Saturday, May 23, 2009

Circuses good for elephants?

Ringling Bros. and Barnum & Bailey Circus is awaiting the decision of a lawsuit that charges them with the abuse of elephants used in their shows. For over nine years animal rights activists have documented footage that shows elephants being tethered for long periods of time and trainers violently using bullhooks to teach them routines. ASPCA attorneys are arguing that these actions violate the Endangered Species Act of 1973.

Watch the Today Show's segment on the lawsuit, which includes the perspective of Kenneth Feld, the chief executive of Feld Entertainment, and PETA Vice President Dan Mathews:

Feld not only purports that the elephants are treated humanely, but also asserts that the circuses are "helping to save an endangered species." While it may be true that circuses are the primary site of Asian elephant reproduction, (as factory farms are the sole site of genetically-modified turkey reproduction), Feld is using the rhetoric of endangered species to exploit animals, a technique that seems to be the primary purpose of this category. The constituent members of the "endangered species" list are species that are seen as desirable for human ends (for entertainment, visual pleasure, agribusiness, etc.). Species are constantly coming into and out of existence, so we create an arbitrary line when we create legal clauses for the protection of Asian elephants, Blue Whales, and the Snow Leopard, but not for the Pashford pot beetle. From a utilitarian perspective, the preservation of a species is usually an unjustifiable position as it comes at the expense of individual interests.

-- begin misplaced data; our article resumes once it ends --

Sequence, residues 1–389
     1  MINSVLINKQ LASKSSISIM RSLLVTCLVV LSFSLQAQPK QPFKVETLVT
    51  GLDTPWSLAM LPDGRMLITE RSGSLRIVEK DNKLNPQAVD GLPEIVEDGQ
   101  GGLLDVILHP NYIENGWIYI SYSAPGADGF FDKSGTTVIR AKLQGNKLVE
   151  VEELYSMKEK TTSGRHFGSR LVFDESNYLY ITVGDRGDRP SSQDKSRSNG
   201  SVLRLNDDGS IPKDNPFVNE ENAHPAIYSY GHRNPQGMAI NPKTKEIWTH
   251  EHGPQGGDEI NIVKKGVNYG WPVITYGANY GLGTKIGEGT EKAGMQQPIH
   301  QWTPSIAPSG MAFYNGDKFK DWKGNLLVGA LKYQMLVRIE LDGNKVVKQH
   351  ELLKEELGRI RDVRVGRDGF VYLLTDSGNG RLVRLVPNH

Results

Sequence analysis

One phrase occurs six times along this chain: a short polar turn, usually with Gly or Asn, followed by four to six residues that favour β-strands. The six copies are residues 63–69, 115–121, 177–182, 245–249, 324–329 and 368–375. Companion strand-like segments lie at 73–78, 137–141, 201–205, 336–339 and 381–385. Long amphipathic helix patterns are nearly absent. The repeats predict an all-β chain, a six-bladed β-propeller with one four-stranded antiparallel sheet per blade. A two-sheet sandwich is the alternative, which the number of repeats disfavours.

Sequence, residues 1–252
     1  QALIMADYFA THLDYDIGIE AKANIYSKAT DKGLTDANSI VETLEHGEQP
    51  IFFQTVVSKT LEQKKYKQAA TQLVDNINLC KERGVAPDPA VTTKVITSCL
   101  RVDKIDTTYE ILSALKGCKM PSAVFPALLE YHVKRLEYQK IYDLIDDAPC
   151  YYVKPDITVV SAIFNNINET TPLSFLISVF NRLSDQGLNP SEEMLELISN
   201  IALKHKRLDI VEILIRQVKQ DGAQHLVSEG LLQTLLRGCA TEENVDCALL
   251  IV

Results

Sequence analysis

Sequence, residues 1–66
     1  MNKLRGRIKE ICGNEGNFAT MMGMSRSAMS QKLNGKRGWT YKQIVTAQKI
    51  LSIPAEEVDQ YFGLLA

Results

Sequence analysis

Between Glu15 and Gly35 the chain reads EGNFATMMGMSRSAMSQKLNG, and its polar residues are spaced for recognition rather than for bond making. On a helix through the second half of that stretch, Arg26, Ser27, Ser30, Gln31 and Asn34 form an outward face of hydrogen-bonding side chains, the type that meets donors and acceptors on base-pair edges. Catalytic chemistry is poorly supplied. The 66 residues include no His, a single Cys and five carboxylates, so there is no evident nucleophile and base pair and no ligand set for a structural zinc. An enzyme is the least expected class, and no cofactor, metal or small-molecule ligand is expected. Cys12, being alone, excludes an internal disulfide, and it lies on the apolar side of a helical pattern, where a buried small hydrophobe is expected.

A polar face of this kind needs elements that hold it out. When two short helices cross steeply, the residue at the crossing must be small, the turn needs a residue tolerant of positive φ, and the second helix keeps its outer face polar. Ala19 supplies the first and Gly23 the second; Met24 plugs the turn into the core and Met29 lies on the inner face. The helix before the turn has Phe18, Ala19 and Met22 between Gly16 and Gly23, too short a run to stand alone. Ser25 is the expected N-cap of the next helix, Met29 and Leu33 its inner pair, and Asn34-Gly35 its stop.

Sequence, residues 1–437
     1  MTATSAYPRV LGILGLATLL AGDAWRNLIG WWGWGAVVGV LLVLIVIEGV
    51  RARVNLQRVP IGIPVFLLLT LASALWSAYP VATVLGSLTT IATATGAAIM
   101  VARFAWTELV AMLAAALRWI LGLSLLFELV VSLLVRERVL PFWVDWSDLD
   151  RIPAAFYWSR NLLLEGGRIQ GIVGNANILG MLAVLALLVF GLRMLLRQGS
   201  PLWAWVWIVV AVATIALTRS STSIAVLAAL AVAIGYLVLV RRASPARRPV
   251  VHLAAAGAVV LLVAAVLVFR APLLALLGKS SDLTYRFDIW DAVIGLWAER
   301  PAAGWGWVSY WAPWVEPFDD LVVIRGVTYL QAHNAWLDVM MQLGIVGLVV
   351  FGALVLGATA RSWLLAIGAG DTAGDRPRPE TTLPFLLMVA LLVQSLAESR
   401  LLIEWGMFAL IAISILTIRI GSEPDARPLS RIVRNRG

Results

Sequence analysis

Glitzenstein, the ASPCA attorney featured in the clip, advocates a problematic moderate position: Ringling Bros. should continue to operate and use animals in their shows, but we should "make sure that something is done to improve the lives of these animals." As usual, the ASPCA does not critique the underlying assumption that these animals should be used for human entertainment at all, but takes on the most mainstream viewpoint. It seems, however, that Ringling would not be able to effectively use elephants without the bullhook (or some similar torture device). Take a look at this clip from Earthlings that shows how the bullhook is actually used:

The piercings from the bullhooks are clearly not like superficial "mosquito bites," as the handler on the Today Show suggests. They are deep stabs that are meant to drive the elephants insane. Getting rid of a torture device will inadvertently bring an end to the effective use of elephants in circus stunts, as there is no way to coerce the animals to do these tricks without the threat of serious physical harm. The lingering question of a victorious court decision is what new mechanism Ringling Bros., could employ that will serve the same end as the bullhook.

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